9. When you come to the brim of the hat, you need to turn this over – so the right sides are facing you to seam.
    10. This is so you get an invisible seam on the right sides of the knitted fabric.
    11. When you have finished seaming, secure your yarn on the wrong side and weave in any loose ends.
    12. Your hat is now ready to wear.

Next, Learn To Knit A Hat In The Round

You may also be interested in learning how to knit a hat in the round.

This pattern has a step-by-step photo tutorial to show you how to knit your first hat in the round – How to knit with circular needles for beginners.

woman's beanie hat

Share your work with us…

I love seeing your finished projects!

If you enjoyed making the hat, I’d love to see yours on Instagram, be sure to tag me @handylittleme.

If you are on Facebook, stop over to the handylittleme Facebook page and share a photo!  I’d love to see your work!

Happy Knitting! xoxo

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  1. Hello! Love the pattern and the colour, the yarn is really beautiful. I have the same WAK petite wool yarn and was hoping to make a hat for my husband using this pattern, but I unfortunately only have us 11 needles instead of the 10 stated in the pattern. Would it still be possible to follow the pattern or do I need to adapt it in any way? Thank you!

    1. Hello Hailey, Yes, you can use the US 11 needles and make the hat following the same pattern, but I would suggest casting on 66 stitches because the size will be larger if you cast on the suggested 72sts for this pattern.
      The number of the cast on sts needs to be dividable by 3 – so 63 or 66 stitches.
      I hope that helps!
      Louise 🙂

      1. Hi Louise! Thanks so much for this pattern. If I use 11 needles and 150 g wool with the same pattern, will the hat knit up to fit a larger head? I keep trying to find a flat knitting pattern to make a hat for my husband – my hats come out too small for his head. I am a newbie and don’t know how to size up yet. Any help is appreciated!

    2. Hello! I love the way your hat looks! I am looking at making one for my cousin but she has an 18 inch head is that too small for this? Or would it still work? I was also curious what the point of a darning needles is?
      Thank you!

      1. Hello Jules,
        I think the hat should still fit, it has a stretch because of the ribbing so will fit up to a head size of around 22-26 inches in circumference.
        The darning needle/yarn needle is used to seam the hat closed.
        I hope that helps!

  2. Thank you for the lovely pattern. Our winter has started so I am going to knit one for my husband.

    1. Hello Susan,
      Thanks so much for your kind words, I’m so happy you like the pattern.
      I hope your husband will like the hat!
      Happy knitting,

  3. I was wondering if you can adapt other hat patterns knitted on a circular needle to this style on straight needles?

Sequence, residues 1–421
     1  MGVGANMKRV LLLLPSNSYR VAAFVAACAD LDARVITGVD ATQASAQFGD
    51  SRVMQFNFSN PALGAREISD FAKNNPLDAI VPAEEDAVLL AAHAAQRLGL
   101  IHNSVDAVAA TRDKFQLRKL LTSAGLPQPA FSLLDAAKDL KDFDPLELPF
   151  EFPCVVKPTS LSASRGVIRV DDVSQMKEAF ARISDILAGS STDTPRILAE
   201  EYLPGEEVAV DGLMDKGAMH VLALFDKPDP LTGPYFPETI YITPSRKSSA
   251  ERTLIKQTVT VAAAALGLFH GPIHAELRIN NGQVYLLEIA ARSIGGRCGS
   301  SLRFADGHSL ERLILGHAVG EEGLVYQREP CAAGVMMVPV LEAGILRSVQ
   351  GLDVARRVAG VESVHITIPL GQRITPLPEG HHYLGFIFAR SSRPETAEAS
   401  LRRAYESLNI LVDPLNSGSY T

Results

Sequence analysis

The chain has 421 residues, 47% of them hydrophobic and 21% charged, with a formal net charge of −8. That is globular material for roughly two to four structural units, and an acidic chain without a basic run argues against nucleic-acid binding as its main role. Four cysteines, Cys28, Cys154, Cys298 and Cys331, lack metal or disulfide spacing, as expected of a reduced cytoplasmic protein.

1. Hello Dia,
      Yes, other patterns knit in the round can normally be converted to being knit flat with seaming.
      In some of my other patterns, I have instructions for both – like the kid’s beanie hat pattern.

  4. Do you have a matching pattern for a baby/toddler hat or know the possible amount of stitches needed to downsize?

  5. Lol, I haven’t knit in years but I was a little bored today so I sized it down and made it for my cat (which he obviously loved). That being said the instructions were really easy to follow and gave me something simple to do today so thank you.

  6. Hello Louise
    Thank you for your pattern, I have knitted the hat for my husband’s birthday using a West Yorkshire Spinners pure wool (Kerry Hill and Blue Leicester breed). My hubby is a Yorkshire man and Kerry is just across the border from where we live now in rural Shropshire. I am knitting at night to keep my mind off Covid and the current lockdown. It is such a relaxing thing to do. I am going to attempt your fingerless gloves pattern now.
    Best wishes

    1. Hello Leena,
      I am so happy that you are enjoying the patterns.
      Knitting is a great way to keep your mind and hands occupied while giving you a sense of calm, I too love to knit or crochet on an evening and switch off my mind to everything else!
      I hope you enjoy the fingerless mittens pattern,

  7. Hi Louise,
    Thank you for the pattern. I’m a very beginner & fell in love with this hat. Bought the 10″ needles & bulky yarn.
    I can’t wait to get started, but I’m confused about casting 72 Sts,, I’m thinking that is the width, but I know I’m wrong. Sorry I feel so dumb. Help

    1. Hello Adele,
      Yes, you cast on 72 sts – you are knitting this hat flat so you are making the full width of the hat and then will seam it when you are finished.
      The pattern is step by step, so if you follow the tutorial, you will start to see how this will work out.
      I hope that helps,

  8. Hi Louise, Love this pattern, hoping I will be able to knit it correctly . I bought the 10″ needles but they were too short to cast on 72 stitches, so I sent for 16″ length. My question is I don’t know how to figure the tail length I need to make this hat.
    Thank You,

    1. Hello Adele, the needle size you need to make the hat is 6mm (US 10) this is the size of the knitting needle, not the needle length or the cable length if you are using circulars.